By Caitlin Switzer

GLENWOOD SPRINGS–As today’s wounded warriors turn to Colorado for recreation and healing opportunities, many will undoubtedly head for Glenwood Springs to soak in the healing hot mineral waters amidst crowds of locals and vacationers.

After all, the public has been coming to Glenwood–a favorite annual retreat of the Ute Indians before they were removed from the area–to rejuvenate since Swedish settler and rheumatism sufferer Jonas Lindgren filled a hollowed -out log with hot mineral water in 1881. Word got out, and others began paying Lindgren 10 cents for the privilege of hauling their own water and using his tub to soak.

On July 4, 1888, Glenwood Hot Springs officially opened to the public, and has remained so to this day–except for three short years when wounded warriors had the place all to themselves.

The springs were officially closed to the public from 1943-1946,  just four years after wealthy Wyoming oilman and Hot Spring owner Frank Kistler had launched an ambitious plan to rejuvenate the once popular resort, which had suffered greatly during the Depression years, into a Rocky Mountain “beach” complete with imported sand and cabanas. Kistler, who acquired the Glenwood Hot Springs, Hotel Colorado and neighboring vapor caves for $165,000 in 1938, had billed his creation as “Colorado’s Sea Beach in the Mountains.”

However, by 1943 the United States Navy had other plans for the “Sea Beach.”

At the height of World War II, the Navy commissioned the Glenwood Hot Springs Pool, Hotel Colorado and Vapor Caves for its own use, opening a U.S. Naval Convalescent Hospital there on July 5, 1943.

According to Glenwood Hot Springs: 125 Years (Glenwood Hot Springs, 2013), “almost immediately injured serviceman began arriving by the trainload for therapy and rehabilitation in the hot spring facility. The stone bathhouse was converted to a clinic and laboratory, and two Quonset huts were built for hydrotherapy treatments.”

The location, apparently, was ideal. Naval writer Thomas L. Snyder’s “Of Ships and Surgeons” blog notes that the Navy’s medical department was in the habit of leasing resort hotels, and operating them for the “benefit of sailors and Marines recovering from the physical and psychic wounds of war.” The blog includes a description of the location from a 1944 “know Your Hospital” newsletter prepared by Lt. William X. Heelan:  “No military operations are conducted within a radius of well over 700 miles all line distance. It is off the route of all the flying lanes and the locality is well protected on all sides by the high and rugged Rocky Mountains of the Eastern Slope. Persons subjected to the shock of combat may here find relaxation and recuperation in the absence of nerve-racking elements.”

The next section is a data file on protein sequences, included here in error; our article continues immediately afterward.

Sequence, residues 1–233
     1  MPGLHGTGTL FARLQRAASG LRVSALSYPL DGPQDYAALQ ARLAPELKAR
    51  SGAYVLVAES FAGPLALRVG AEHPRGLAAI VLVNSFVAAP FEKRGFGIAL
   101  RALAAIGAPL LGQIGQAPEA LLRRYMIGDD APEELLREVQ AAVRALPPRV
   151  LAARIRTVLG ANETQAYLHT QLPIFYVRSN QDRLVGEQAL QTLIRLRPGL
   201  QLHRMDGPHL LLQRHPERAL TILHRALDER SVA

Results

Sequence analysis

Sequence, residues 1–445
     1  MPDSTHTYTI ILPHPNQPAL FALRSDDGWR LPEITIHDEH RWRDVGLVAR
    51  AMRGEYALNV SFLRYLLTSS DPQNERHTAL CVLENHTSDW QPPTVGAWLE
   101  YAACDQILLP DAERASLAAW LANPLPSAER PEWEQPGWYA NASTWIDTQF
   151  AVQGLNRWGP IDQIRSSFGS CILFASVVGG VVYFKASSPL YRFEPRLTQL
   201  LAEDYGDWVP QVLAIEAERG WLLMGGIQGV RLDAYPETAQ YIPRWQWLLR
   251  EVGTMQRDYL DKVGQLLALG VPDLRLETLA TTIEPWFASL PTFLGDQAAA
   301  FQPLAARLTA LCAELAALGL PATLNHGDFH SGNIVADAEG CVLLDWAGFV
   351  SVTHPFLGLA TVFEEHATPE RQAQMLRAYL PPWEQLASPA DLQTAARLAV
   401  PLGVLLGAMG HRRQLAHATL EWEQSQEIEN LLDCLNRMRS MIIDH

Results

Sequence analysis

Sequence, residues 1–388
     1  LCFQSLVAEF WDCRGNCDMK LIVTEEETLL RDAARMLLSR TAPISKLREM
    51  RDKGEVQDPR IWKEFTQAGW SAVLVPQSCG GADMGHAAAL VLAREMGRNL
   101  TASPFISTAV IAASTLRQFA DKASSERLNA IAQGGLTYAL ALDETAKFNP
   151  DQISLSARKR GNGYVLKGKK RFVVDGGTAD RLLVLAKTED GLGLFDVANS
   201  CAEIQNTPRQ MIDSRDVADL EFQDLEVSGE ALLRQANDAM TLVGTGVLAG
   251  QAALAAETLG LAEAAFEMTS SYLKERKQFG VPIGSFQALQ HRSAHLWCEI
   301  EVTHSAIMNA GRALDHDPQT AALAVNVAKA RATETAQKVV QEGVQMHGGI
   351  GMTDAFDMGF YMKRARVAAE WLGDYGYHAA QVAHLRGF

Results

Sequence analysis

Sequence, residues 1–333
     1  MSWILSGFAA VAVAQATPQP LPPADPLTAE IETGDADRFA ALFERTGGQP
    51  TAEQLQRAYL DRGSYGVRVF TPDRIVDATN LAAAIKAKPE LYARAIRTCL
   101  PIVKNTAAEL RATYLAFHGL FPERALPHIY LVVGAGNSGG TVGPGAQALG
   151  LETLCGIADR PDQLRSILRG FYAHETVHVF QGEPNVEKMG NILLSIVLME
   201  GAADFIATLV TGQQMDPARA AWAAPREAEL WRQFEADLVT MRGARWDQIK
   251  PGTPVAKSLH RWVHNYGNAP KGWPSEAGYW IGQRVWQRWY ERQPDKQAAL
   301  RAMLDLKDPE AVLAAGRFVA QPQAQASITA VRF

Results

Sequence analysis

The hotel and hot springs also appeared to be ideal for the purpose of healing.

“It is a six-story edifice constructed of native matched red sandstone and pressed brick, with a slate roof, and contains 250 guest rooms,” Heelan wrote. “[It] has several unique features which are extremely valuable for its function as a rehabilitation center. It has three natural hot water springs which have served as a spa to health seekers for over fifty years… The world’s largest warm mineral water swimming pool is in conjunction with the hospital. … The water is supplied by Yampah, the largest of the hot mineral water springs, flowing 3,600 gallons per minute at a temperature of 127 degrees Fahrenheit.”

At least one of the wounded warriors ended up calling Glenwood Springs home. Writer, blogger and “professional tourist” Carri Wilbanks of  CatchCarri.com recalls the story of the late Tony Zelenka, who was stationed there in 1945. So appealing were the town and springs that Tony and Dory moved back to Glenwood with their family in 1967. Of the eight children that the couple raised in Glenwood, six still live there, Wilbanks notes.

“My husband was shot in the chest and the arm. He was even awarded two purple hearts. He came here every day to soak up until the day he retired,” Zelenka’s wife Dory told Wilcox. “He was so here so much I figured I may as well get a job here.” Wilcox notes that Dory did just that, working for the sport shop at the Hot Springs pool for 22 years

According to Glenwood Hot Springs: 125 years, the water not only served as a place to soak, but as a source of healing “cocktails” packed with natural boron, calcium, chloride, sodium, sulphate, lithium, potassium, magnesium, manganese, iron, silica, zinc, fluoride, phosphate and nitrogen.

The book also notes that The Navy turned all three properties back over to Frank Kistler in 1946, and that a small hospital and clinic continued to operate out of the stone bathhouse until the early 1950s.

 Many thanks to Glenwood Hot Springs: 125 years authors Vicky Nash and Karin Gamba of Resort Trends, Inc. for assistance in researching this article.